One of the greatest problems I have faced in both pastoral ministry and health care chaplaincy is the ability to be present. Chaplaincy formative theories often utilize the language of being a non-anxious presence when relationally connecting with people. In an age of alarmist news media, social media, cell phone, tablet and television screens, and copious other distractions, it can be nearly impossible to be present in the moment with another human being. The challenge for pastoral ministers is to have the capacity to be present with others for the sake of relational connection, empathy, compassion, and the communication of the gospel.
The idea of being present with others is often framed from a psychological lens, but there are plenty of biblical examples that show the necessity of being present for the sake of connection. In the story of Jesus visiting Mary and Martha in Luke 10:38-42, we see Martha triangulating Jesus by asking him to command Mary to join her in the household tasks. I have often heard Jesus’ chastisement of Martha told from the perspective that she was being a “busybody” or failing to value the teaching of Jesus available to her. I want to propose another avenue of thinking about this passage: Jesus is inviting Martha to be present.
The problem that Martha is facing is not her hard work ethic. Jesus does not criticize Martha’s busyness. In verse 40, the English Standard Version the author labels Martha as “distracted with much serving.” In verse 41, Jesus tells Martha she is “anxious and troubled about many things.” Jesus contrasts this way of being to Mary who he declares has “chosen the good portion.” This may seem strange since Mary was only sitting at the feet of Jesus listening to his teaching. Jesus is inviting Martha into this sacred space of being present. Jesus is not criticizing Martha’s hard work ethic or her chore list. Jesus is offering Martha the profound gift of letting go of those responsibilities from taking over her mental, emotional, and spiritual peace. Jesus is inviting Martha to become rather than do.Jesus is offering Martha the profound gift of letting go of those responsibilities from taking over her mental, emotional, and spiritual peace. Jesus is inviting Martha to become rather than do. Click To Tweet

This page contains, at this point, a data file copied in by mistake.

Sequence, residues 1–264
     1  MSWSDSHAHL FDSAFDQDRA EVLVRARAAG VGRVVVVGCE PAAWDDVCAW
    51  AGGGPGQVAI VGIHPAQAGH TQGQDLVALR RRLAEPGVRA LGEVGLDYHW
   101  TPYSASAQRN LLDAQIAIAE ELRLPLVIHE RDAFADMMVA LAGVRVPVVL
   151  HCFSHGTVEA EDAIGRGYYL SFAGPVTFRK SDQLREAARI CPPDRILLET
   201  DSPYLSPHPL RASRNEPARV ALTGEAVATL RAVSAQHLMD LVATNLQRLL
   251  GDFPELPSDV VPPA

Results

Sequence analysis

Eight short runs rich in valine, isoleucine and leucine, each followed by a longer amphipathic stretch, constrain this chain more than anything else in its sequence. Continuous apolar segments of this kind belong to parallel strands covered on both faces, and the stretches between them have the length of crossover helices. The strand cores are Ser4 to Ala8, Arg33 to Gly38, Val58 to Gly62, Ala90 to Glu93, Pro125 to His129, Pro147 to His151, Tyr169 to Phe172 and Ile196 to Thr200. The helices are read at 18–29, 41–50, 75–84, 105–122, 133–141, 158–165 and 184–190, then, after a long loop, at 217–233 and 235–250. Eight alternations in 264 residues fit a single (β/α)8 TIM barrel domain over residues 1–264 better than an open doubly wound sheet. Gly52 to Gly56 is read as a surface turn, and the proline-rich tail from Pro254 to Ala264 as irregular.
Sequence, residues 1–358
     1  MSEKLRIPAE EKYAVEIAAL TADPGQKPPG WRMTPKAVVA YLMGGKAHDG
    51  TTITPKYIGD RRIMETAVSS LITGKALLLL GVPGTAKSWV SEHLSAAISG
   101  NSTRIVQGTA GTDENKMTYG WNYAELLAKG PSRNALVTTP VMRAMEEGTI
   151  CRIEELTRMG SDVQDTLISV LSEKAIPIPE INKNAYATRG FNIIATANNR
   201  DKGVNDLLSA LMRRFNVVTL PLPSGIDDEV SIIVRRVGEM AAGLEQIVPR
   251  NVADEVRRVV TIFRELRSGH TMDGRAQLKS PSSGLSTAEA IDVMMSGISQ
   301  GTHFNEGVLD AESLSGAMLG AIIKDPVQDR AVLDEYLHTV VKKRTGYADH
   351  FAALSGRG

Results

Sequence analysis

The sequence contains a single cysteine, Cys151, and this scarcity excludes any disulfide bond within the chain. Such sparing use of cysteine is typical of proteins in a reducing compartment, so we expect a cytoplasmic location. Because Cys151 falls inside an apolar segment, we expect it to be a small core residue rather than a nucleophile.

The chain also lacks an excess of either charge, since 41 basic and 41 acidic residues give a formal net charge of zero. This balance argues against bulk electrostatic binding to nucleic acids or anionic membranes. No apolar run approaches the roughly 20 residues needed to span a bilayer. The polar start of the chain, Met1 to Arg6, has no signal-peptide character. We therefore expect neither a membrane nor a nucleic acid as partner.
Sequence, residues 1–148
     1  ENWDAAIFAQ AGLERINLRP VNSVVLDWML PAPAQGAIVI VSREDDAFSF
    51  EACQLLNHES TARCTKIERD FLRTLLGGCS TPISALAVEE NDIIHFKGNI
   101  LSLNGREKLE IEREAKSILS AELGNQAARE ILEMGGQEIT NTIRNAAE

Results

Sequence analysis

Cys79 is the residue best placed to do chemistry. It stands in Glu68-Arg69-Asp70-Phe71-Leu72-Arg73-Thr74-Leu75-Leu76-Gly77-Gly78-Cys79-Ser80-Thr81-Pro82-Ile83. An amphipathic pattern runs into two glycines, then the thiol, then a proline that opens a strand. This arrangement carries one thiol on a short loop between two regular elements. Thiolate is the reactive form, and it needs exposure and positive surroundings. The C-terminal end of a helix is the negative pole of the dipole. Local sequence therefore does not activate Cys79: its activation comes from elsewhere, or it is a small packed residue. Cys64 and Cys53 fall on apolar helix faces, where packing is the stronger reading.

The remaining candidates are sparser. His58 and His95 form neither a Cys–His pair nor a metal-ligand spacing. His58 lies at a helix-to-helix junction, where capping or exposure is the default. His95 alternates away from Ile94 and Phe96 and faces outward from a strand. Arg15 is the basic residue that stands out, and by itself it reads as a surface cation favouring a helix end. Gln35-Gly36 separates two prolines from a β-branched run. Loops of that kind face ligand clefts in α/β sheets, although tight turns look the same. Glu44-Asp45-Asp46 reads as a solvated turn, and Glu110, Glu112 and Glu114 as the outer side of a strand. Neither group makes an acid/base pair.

The Lure of Shiny Objects
The world of technology invites the user into an experience of busyness. For those with a natural propensity to find identity in consistently being busy, technology is an invitation to obsession, addiction, and distraction. Technology tricks the user into believing they are being purposeful, meaningful, and working by lighting up the rewards center of the brain each time an email is checked, or a status updated. With social media there is the added temptation to believe that one is connecting with another person. The problem with these beliefs and behaviors is that the human being is connecting physically with an object, whether it is a phone, tablet, or computer. If Martha was bombarded with the distractions present in first-century Palestine, how many more distractions are available in the instant culture of the twenty-first century?
In Matthew 6:25-34, Jesus gives a discourse on anxiety. “Do not be anxious” is a command of Christ. I wonder how often this command goes unheeded in many churches and its inversion celebrated. Jesus states in Matthew 6:34, “Therefore do not be anxious about tomorrow, for tomorrow will be anxious for itself. Sufficient for the day is its own trouble.” This statement is an invitation from Christ to be present. Jesus is communicating that being anxious is a state of thinking ahead or thinking about the future. Being present is being mindful and aware of our current context. Being present allowed Mary to connect with Jesus because she was not thinking ahead to all the household chores that needed to be completed. In a modern relational context, being present is the ability to be fully engaged with the person in front of us rather than the milieu of non-present individuals trapped in the subconscious of our phones.In a modern relational context, being present is the ability to be fully engaged with the person in front of us rather than the milieu of non-present individuals trapped in the subconscious of our phones. Click To Tweet